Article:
In fact, it is not just the weight that’s special, but also the volume wheel, which has a 4-wiper custom potentiometer, providing a better performance than most on the market. The Femtosecond oscillators inside also provide an excellent performance for both DSD, PCM, and even MQA files, making the experience of listening music on DX220 MAX truly unique.

Not only that, but the whole sound is magical. The bass is deep, but also quick, having an ever so slightly hard character. Combined with the ever so slightly soft and warm midrange and the softer treble, the whole listening experience is mature, well defined, and versatile. Any music style will be beautiful, any rock will have juicy guitars, and any dubstep will hit you in the stomach with the bass.

Before the end of this review, I want to add DX220 MAX to Audiophile-Heaven’s Hall Of Fame for being one of the best DAPs I heard to date, with an excellent kick for detail, clarity, having a surprisingly good battery life, good OS performance, and everything the ultimate DAP should have.

At the end of today’s review, if you’re looking for the ultimate DAP, the mountain peak in audio, you’re surely going to be interested in DX220 MAX. Even more, if you’re looking to see what the best of the DAPs sounds like, you’ll be surprised by how much it can surpass desktop devices that are close in price, even some of the best taking a second place to DX220 MAX. Of course, you have to be ready to make a little sacrifice in ergonomic and get a pouch for this one, as it ain’t as pocketable as DX220 the original, but at the end of the day, if you want the best DAP, you totally have to check out DX220 MAX from iBasso, the most interesting transportable DAP I reviewed to date.

Full Playlist used for this review

While we listened to considerably more songs than those named in this playlist, those are excellent for identifying certain aspects of the sound, like PRaT, Texturization, Detail, Resolution, Dynamics, Impact, and overall tonality. We recommend trying most of the songs from this playlist, especially if you’re searching for new most, most of them being rather catchy.

Youtube Playlist

Tidal Playlist


I hope my review is helpful to you!

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изvery strange. Where am I the qls 361 soft? what firmware was it on?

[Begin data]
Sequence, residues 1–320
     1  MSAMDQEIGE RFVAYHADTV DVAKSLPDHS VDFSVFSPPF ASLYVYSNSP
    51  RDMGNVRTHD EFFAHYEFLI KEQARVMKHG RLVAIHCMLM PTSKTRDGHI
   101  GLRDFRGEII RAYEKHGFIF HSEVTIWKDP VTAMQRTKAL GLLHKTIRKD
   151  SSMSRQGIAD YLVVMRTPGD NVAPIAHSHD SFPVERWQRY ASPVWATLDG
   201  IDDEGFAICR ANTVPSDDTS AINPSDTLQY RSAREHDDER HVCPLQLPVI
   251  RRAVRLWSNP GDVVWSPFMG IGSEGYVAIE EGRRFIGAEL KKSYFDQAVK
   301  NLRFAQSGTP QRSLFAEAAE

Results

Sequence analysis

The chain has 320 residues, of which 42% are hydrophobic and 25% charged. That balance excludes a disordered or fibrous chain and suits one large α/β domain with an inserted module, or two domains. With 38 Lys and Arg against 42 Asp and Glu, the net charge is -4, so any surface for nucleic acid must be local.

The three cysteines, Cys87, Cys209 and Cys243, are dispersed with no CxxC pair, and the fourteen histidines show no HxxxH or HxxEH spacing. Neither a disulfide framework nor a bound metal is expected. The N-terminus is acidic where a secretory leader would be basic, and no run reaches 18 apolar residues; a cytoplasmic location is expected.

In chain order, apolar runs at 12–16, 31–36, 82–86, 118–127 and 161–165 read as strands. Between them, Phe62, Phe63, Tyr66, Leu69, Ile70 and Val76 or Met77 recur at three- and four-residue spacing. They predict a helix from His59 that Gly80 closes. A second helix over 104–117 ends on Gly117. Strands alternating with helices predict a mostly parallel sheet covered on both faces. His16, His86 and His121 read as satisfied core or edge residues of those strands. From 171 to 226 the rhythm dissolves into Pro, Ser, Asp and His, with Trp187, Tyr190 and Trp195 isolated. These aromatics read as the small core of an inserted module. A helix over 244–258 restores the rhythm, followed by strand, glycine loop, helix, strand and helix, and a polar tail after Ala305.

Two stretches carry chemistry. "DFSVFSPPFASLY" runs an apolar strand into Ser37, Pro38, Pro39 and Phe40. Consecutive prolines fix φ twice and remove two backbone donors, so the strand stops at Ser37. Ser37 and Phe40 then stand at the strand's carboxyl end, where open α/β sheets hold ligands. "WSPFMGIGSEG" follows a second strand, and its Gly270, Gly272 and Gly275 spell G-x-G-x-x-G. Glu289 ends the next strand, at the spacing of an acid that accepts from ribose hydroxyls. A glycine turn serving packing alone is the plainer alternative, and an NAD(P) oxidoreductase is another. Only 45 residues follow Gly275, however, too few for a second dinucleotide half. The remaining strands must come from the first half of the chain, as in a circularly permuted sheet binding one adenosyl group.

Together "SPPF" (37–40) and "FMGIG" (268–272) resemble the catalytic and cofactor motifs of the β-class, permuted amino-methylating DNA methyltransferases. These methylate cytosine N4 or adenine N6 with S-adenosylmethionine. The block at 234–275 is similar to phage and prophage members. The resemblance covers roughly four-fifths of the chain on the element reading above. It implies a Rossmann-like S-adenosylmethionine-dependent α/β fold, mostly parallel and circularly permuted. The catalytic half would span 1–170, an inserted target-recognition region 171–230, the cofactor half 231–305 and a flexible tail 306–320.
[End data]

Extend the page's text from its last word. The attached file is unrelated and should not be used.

twister6 Reviews
Headphoneus Supremus
The Mighty MAX!
Pros: independent battery and charging system for analog and digital sections, desktop quality performance with high voltage output, solid build, large 5” display, 4GB RAM/128GB Storage, Parametric EQ with Mango v2 app, BT 5.0, fast charging, leather case.
Cons: higher price than original DX220, no hardware playback control buttons, 2 separate chargers.

The product was provided to me free of charge for the review purpose in exchange for my honest opinion. The review was originally posted on my review site, and now I would like to share it with my readers on Head-fi.

Manufacturer website: iBasso.


iBasso releases are always consistent but sometimes not as predictable. Three years ago, when DX200 was introduced, its new modular design was a step forward relative to their previous DAPs. Last year, DX220 release was focused more on sound refinement rather than drastic design changes. Fast forward to this year, and we have DX220 MAX. The first time I heard about this DX220 model with MAX suffix, a flashback of limited edition DX200 Ti crossed my mind since I thought iBasso was not due for a new flagship yet. But I was in for a BIG surprise, no pun intended.

Is this a limited edition? No, but it is a limited run of only 999 units. Is there an overlap with original DX220? Maybe some, considering the same CPU/GPU, DAC, and display. And that is where similarities end and you start to wonder why they didn’t just name it DX MAX? iBasso always puts sound performance ahead of other features. And they did take it to the MAX with an all new advanced design based on DX220 platform without a modular part. As a matter of fact, the changes were so drastic that “DX220” reference might even confuse some people.

So, let’s take a closer look at this new premium flagship DAP from iBasso, and find out what MAX brings to the DX-series family table! Keep in mind, it is a long read, but as usual, I partitioned everything into multiple sections to make navigation easier in case if you want to “fast forward”.


Unboxing and Accessories.

Bigger DAP needs a bigger packaging, and indeed, MAX arrived in a bigger all black carboard box with another giftbox inside of it, stamped with iBasso logo on top. Under the cover with a foam to protect the screen, MAX was sitting securely in a foam cutout of the top tray with a velour lining.


With that top tray out of the way, you will find a number of very useful accessories organized inside of velour drawstring bags. There was a short coax cable for digital SPDIF output, 2.5mm balanced burn-in cable along with iBasso own CA02 2.5mm to 4.4mm balanced adapter, 4.4mm balanced to 3.5mm SE one-way short LO cable, AC adapter (18V), quality usb-c cable, extra screen protectors, warranty card, and a quick start guide.